Op-ed: Expanding wireless spectrum can address rural health-care disparities
By allocating more spectrum for wireless networks, Congress would address disparities in health care in rural and underserved areas, writes guest columnist Sailesh Chutani.
Special to The Times
THERE are encouraging signs that the U.S. government is getting serious about our digital future. Last month, Congress held a hearing to examine spectrum-management laws to ensure there’s adequate wireless-network capacity to meet skyrocketing consumer demand for data.
Spectrum makes up the cyberhighway that allows data traffic to move on wireless networks.
It’s critical for government and technology-industry stakeholders to work together on ways to bring consumers next-generation broadband networks that have the potential to unleash transformational technological advances in health care.
Public policy should expand network capacity, both through additional access to spectrum and a speedy transition to IP, or Internet protocol-based, networks. Old regulations should be modernized in a way that helps upgrade our communications systems to all-IP so that all Americans can benefit from the delivery of 21st-century health care.
Lawmakers can allocate more spectrum for consumer wireless use. Legislators can also work to ensure the telecommunications industry is not snarled in antiquated rules. Instead, our elected leaders should embrace a regulatory environment that incentivizes private investment to build advanced high-speed broadband network infrastructure that bolsters technological innovations.
Last month, federal regulators took a step in the right direction to modernize regulations by establishing a task force with the goal of accelerating the transition to IP-based networks.
As just one example, my company has created a smartphone and Web-services based ultrasound-imaging system — an affordable and mobile solution capable of providing diagnostic services in hard-to-reach rural and underserved areas, not just in America, but also across the globe.
Imagine if a pregnant woman on a Native American reservation could go for her routine prenatal exam at a neighborhood facility instead of traveling to a hospital hours away. This would enable early detection of common complications in time for her to get proper care. It could potentially reduce the infant-mortality rate for Native Americans, which is 40 percent higher than the rate for whites.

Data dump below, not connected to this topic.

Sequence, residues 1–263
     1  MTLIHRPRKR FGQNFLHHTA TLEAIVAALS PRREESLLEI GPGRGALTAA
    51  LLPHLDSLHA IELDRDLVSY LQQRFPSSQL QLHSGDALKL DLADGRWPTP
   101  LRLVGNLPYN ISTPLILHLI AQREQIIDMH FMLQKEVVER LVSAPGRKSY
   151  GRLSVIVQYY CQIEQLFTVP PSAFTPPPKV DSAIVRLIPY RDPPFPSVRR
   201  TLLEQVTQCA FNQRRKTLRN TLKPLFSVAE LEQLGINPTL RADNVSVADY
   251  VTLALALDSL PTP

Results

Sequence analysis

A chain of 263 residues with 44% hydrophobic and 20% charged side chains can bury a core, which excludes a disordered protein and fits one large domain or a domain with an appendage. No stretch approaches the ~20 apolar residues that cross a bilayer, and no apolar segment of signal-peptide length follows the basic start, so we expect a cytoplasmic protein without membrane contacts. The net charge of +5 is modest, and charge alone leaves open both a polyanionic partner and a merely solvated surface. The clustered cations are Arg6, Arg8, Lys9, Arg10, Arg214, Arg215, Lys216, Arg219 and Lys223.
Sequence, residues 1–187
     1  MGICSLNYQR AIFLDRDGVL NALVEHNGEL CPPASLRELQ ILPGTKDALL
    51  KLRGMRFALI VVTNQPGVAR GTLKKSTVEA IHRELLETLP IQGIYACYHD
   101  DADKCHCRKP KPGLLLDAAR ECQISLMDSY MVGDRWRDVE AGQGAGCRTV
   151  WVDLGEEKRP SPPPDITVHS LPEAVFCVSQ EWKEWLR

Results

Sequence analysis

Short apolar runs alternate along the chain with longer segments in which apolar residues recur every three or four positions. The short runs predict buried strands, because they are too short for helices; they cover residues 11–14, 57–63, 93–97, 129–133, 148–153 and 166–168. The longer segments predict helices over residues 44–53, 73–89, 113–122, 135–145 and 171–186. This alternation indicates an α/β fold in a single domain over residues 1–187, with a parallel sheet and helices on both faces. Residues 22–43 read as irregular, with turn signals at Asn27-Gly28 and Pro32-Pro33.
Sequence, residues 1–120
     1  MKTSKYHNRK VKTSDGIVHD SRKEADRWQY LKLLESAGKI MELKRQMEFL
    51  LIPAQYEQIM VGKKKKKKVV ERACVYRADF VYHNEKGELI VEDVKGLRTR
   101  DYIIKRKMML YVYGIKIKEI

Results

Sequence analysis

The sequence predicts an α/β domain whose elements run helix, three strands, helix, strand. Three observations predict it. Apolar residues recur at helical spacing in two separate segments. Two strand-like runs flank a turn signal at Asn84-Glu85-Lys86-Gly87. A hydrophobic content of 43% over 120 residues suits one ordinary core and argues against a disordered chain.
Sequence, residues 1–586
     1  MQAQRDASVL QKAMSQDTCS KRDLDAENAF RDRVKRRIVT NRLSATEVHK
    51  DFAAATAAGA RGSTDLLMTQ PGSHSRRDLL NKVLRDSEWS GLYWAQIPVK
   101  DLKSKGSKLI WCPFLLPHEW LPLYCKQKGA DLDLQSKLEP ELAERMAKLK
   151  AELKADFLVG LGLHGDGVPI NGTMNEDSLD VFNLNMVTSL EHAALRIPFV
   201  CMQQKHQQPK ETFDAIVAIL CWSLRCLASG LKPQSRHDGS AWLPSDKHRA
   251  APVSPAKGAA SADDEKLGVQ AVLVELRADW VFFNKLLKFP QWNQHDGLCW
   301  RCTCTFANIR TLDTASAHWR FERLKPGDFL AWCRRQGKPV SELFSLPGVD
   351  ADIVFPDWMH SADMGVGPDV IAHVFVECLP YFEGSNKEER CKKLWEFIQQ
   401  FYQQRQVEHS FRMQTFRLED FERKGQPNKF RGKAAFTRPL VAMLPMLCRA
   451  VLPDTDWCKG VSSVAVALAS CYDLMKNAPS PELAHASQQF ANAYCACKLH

Technology and the innovation that drives it have always bumped up against regulatory and policy restraints. For the most part, regulation has been relatively light in the computing and networking industry, which has fostered competition and encouraged investment in broadband networks capable of supporting it. President Obama himself recognized the vital role broadband plays in driving economic opportunity for all Americans as outlined in his National Broadband Plan.
To meet exponentially increasing consumer demand for mobile services, communications providers are shifting toward more advanced broadband networks like IP-based networks. IP technology enables the seamless transmission of data-hungry voice, video and Internet applications, which antiquated telephone networks cannot handle. They can do it faster and more efficiently.
Next-generation IP-based networks are already improving the lives of millions of rural Americans by facilitating the use of remote medical monitoring and diagnostic services, the transmission of real-time data between physicians and emergency medical personnel working in the field, and the option of online consultations for faraway and homebound patients.
Fast, reliable broadband connectivity can reduce health-care disparities that continue to plague rural Americans facing higher levels of chronic illnesses and geographical barriers to specialty care.
Our elected leaders must continue to nurture this innovation for the good of their constituents, entrepreneurs, and economic growth by allocating more spectrum, encouraging switch to IP networks, and adopting a regulatory framework that recognizes the competitive nature of the market.
Sailesh Chutani is CEO and co-founder of Mobisante, a Redmond based startup specializing in smartphone and tablet-based diagnostic systems.